#15 STD allocations don't use registered callbacks


When using JSON_MEMORY_CALLBACKS, the memory allocations made by the standard library don't go through the registered callbacks, and instead use global operator new. A custom allocator should be passed to all standard library functions to ensure all allocations go through the registered callbacks.

Examples of what I had to change to make this happen:
typedef std::basic_string<char, std::char_traits<char>, my_allocator<char> > json_string;

And every time an std::map is used:
std::map<void *, void *, std::less<void*>, my_allocator<std::pair<const void*, void*> > > mymap;


  • Jonathan Wallace

    Sorry it took so long to respond, good idea, I'm adding that now.

  • Jonathan Wallace

    Unfortunately, I've decided to push this to a later version. It's actually much harder than you would think to create a cross-platform, cross STL, allocator that's thread-safe.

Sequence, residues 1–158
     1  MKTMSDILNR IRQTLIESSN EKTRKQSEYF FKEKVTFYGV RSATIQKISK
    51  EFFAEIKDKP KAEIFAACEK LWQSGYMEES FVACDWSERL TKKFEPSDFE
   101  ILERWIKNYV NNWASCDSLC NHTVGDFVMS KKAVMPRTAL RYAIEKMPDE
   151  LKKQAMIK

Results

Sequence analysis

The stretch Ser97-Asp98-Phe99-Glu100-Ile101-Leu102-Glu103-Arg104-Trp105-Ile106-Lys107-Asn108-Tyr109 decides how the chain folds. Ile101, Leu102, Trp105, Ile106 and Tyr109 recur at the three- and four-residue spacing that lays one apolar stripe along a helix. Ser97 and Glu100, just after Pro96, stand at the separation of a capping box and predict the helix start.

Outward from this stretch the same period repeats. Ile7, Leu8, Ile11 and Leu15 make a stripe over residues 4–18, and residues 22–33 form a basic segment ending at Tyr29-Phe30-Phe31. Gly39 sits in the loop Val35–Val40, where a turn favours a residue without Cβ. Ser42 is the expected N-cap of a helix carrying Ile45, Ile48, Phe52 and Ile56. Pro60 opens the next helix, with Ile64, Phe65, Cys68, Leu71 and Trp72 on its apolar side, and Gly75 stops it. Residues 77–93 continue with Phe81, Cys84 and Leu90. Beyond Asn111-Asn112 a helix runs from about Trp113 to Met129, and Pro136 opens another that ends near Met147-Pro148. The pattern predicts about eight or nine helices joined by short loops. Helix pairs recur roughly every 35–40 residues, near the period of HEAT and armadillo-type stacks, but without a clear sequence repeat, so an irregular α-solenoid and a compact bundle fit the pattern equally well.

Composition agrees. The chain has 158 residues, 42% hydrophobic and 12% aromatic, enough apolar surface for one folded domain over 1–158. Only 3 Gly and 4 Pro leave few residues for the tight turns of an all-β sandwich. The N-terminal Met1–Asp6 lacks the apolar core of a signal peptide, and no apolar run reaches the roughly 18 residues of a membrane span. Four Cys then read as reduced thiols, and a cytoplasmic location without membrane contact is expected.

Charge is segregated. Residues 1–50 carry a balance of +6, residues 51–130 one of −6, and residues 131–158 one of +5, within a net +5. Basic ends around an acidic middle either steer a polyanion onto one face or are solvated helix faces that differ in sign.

• Jonathan Wallace

    I've written an allocator as the final addition to the next release. Once all the unit tests pass, STL will use your custom memory callbacks.

  • Jonathan Wallace

    • status: open --> closed-fixed
  • Jonathan Wallace

    • status: closed-fixed --> open-fixed
  • Jonathan Wallace

    I just wanted to add that the original posters code is not a correct bug fix. There is undefined behavior in it. There are several global strings, which use the allocator, and the callbacks are also global. If they get initialized in the wrong order, a segfault will occur. The next release of libjson will account for this, this is why it's taking me a little longer than I originally thought.


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